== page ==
No park benches anymore.

We don’t stop when we can be seen, there is dark danger in that; roaming gangs drift in and out of trees, always seeking, always hungry.  I’m not old, but I’m wary, I dodge suspicious boxes, my shoes are soft, soundless.  It is the faint squeak on lino of survival, out in the street they don’t hear me coming.

Every faint rustle is a warning, a danger, and alarm.  I look about me, glasses like shields strapped to my head, little mirrors a trick taught by survivors.  Padded steel down each arm, broken many times, but no more; shin-guards on my legs,  and, yes, a breastplate, because the hurts too.  They don’t see any of it though under my great coat, I’m always hot, even on the coldest of days, a faint patina of sweat making me look tense, edgy.  Even my “friends” are cautious around me, I’m “that girl”; the one who can defend herself, but don’t get, as they say, too close.

My supplier is close, I can smell him, or at least his wares; a faint aroma of manufacturing around him, he’s dealing now I know, but I won’t approach yet, not until the crowd has gone; Bob may be around, and I should at least protect him from that, for the favours.

An urchin eyes me from a  bush, looking over me like a professional, which he probably is; he sees the rucksack bound to my front, slim.  Some people make the mistake of trying a weekly run, lessen their exposure, but they get caught, stripped bare.  They’re stupid, can’t move fast, can’t get back to the sanctuary.  What are they doing out anyhow, live on the gruel, you won’t die, what do you need more for?

What do I need more for?  Because I’m a dealer too right?  And I have to buy when I can, or they’ll stop producing, and I can always sell it on.

I’ve worked my way south, it’s true what they say, people are more honest up north, but that just means that now, everyone knows they’re out for themselves.  Down south, well, you can at least take advantage of people’s delusions, their pretensions of normality.  Some fool even runs a shop still, well, I say a fool; no-one rash enough to try anything has ever been seen again and Bob doesn’t take an interest.  “It’s their own risk.”

Huh, risk.  I remember, when I was the one in charge of risk.  Don’t trip, don’t fall, assess, lessen.  Now look at me.  Shopping is a risk to life.

The urchin falls back into the undergrowth, aware that I’m not a good risk; that’s good, fewer confrontations; but bad, better armed confrontations by the more desperate.  Guns are illegal, but no-one cares any more, so more people are carrying. Not me, I tried a gun, it broke my wrist.  I reply on other tech; tazer, home made.  It’s saved me, and those boys, they learn real quick now.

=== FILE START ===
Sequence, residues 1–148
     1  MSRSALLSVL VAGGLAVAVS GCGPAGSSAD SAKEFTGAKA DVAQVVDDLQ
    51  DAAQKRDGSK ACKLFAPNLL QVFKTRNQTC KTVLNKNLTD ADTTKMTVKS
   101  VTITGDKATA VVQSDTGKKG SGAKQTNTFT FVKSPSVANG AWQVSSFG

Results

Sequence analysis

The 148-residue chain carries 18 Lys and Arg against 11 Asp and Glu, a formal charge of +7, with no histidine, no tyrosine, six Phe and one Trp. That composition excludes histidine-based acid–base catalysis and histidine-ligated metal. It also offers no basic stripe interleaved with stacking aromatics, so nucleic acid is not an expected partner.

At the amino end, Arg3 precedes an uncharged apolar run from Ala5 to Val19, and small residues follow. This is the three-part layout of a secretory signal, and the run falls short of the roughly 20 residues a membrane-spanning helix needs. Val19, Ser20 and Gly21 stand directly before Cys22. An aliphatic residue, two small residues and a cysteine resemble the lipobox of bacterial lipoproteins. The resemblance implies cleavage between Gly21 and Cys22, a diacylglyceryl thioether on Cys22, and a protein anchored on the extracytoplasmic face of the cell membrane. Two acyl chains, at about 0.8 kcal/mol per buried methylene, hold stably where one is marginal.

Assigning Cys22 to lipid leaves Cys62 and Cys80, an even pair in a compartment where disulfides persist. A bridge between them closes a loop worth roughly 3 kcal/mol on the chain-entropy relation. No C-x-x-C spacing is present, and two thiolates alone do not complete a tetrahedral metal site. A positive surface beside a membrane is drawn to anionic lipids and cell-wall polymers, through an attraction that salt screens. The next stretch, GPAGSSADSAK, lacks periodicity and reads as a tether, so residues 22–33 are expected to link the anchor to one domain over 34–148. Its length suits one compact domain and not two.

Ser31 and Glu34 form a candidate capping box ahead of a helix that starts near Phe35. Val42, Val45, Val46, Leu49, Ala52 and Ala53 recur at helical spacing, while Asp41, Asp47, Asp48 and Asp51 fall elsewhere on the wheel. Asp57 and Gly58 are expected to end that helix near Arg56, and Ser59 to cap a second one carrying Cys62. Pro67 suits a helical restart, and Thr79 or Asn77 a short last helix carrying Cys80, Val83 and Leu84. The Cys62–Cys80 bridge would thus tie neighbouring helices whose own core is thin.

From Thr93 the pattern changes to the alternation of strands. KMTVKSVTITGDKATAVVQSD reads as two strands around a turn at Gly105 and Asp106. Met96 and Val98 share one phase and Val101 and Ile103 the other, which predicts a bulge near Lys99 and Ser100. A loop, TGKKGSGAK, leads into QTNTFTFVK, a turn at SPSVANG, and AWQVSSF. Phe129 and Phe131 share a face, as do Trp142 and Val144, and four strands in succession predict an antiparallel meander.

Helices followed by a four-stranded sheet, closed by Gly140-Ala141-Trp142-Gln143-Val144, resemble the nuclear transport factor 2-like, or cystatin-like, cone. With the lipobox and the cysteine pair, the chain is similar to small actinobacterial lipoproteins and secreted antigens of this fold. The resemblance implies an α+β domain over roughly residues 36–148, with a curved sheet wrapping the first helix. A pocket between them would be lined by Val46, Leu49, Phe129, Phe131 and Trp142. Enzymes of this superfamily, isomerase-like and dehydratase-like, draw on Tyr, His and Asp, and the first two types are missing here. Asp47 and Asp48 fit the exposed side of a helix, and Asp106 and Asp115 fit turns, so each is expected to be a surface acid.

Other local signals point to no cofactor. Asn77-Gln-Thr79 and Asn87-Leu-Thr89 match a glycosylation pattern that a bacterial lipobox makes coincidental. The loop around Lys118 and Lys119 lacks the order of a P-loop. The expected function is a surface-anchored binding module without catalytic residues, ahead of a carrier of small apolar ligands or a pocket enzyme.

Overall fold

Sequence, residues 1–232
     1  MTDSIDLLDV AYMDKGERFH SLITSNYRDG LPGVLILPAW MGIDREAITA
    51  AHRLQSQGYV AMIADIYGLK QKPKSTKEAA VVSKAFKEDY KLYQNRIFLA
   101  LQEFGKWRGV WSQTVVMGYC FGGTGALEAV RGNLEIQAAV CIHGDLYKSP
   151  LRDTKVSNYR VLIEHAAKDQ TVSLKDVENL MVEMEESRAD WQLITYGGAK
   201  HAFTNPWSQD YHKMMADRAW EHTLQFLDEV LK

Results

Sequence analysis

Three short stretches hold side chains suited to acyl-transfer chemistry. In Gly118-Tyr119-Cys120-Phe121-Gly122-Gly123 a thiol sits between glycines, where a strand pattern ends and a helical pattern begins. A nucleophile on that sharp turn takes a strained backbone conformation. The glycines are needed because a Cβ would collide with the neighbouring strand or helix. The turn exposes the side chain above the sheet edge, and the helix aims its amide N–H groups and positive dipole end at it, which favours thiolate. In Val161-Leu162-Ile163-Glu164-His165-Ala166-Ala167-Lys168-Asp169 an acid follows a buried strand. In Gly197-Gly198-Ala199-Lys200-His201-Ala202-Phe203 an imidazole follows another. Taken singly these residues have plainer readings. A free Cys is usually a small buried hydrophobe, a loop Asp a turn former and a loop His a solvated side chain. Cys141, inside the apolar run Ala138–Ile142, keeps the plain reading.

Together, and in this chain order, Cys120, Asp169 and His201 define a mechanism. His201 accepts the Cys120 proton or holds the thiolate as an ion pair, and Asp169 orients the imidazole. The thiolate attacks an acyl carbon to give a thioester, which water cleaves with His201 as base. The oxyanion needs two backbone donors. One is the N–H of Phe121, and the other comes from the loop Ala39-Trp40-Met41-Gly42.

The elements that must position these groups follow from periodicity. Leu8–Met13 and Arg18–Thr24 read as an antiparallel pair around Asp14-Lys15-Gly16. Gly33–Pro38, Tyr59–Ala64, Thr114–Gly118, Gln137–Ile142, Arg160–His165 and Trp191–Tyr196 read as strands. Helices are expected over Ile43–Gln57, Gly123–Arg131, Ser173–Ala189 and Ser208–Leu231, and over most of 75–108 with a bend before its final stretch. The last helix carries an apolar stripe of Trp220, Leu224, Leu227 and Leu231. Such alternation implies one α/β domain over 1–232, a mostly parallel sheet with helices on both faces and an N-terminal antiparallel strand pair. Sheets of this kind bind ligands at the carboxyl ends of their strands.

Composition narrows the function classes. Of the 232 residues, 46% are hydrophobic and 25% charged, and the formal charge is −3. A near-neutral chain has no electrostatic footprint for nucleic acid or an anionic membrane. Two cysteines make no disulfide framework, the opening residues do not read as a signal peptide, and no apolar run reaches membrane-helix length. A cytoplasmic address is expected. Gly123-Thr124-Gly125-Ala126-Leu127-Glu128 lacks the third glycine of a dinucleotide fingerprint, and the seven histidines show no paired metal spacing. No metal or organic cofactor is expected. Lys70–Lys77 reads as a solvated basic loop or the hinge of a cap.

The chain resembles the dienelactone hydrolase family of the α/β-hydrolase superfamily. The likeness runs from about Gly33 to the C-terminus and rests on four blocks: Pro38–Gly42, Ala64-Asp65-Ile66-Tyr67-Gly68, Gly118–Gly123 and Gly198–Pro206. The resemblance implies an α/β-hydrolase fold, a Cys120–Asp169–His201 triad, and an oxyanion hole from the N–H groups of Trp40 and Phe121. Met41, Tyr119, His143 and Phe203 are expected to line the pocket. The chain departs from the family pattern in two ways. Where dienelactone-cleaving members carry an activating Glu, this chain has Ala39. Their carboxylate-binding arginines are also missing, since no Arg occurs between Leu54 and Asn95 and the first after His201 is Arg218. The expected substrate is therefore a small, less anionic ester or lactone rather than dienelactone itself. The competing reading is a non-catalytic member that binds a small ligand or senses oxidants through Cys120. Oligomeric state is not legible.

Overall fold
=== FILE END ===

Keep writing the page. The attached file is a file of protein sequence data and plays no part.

There’s a tree down in the road.  It’s big, I can’t climb over it.  I know there are watchers here, I can feel their eyes, seeing what I’ll do.

I can’t lose face, be a victim.

This tree, it’s not safe around the edges though, the darkness is what gets you; it’s their territory, you can’t see and they strip you bare.  The older ones, they want to do, other things, but the young ones are hungry.  I pull out the torch.

It’s bright, and I wind it and wind it so that it does not run out.  These days they spend so much time in the dark and the sewers that bright light, it’s a weapon, but it never lasts long, the pulse saw to that. Nothing electrical works well any more, just the basics, light heat.  Communications, things of the past.  They said we were dead without it, but we’re not dead, not yet.

I pick my way around the root, pulled out by the wind, and a fence, a narrow little channel, and that’s when they come.

“What’cha got lady?”  They’re young, younger than normal, they’re being trained up.

“Nothing for you sonny.  Move along, before you get hurt.”  I earn a grin for my warning.  Pity, it’s the only one they’ll get.  My little glasses mirror catches a glimpse of movement.  “Tell your little friend behind me to stop.”  I say, putting a darkness into my voice.  Their hearts are racing, adrenaline pumping their bravado higher.

“Give us the bag lady, and maybe we’ll let you go.”

“Unlikely.”  There’s a snigger from behind, and I realise that this path was the rash one, I should have known better.  Always take the least likely route.

“Alright, missus, you’ve got us bang to rights, we’re not gonna let you go, but it could hurt a lot less.”

“Come and get it then lads,” I say hoping to entice one of them into range.

“No way, missus, we know about you, you got armour.  Throw it over here.”  I smile in what I hope is an unnerving way.

“Well boys, we’re at an impasse, because I’m not throwing anything anywhere.”  There is silence for a moment, then a click, and I know their bravado is not baseless, they’ve been given an edge; that’s why they’re willing to take me on first ball out of the bag.

“Well, well, well, ” I say pressing for time, “playing with the big boys already?”

“We know about you, ALL about you, missus.”

“That’s miss.”  I look grim.  The whole thing is looking grim.  One of the lads has a shovel.

“Miss then, we don’t mind.  Is that what you want on the headstone?  And cooking pot?”

I know now, there is no chance here, it’s me or them.  They’ve raised the game…

No cheese for me today.

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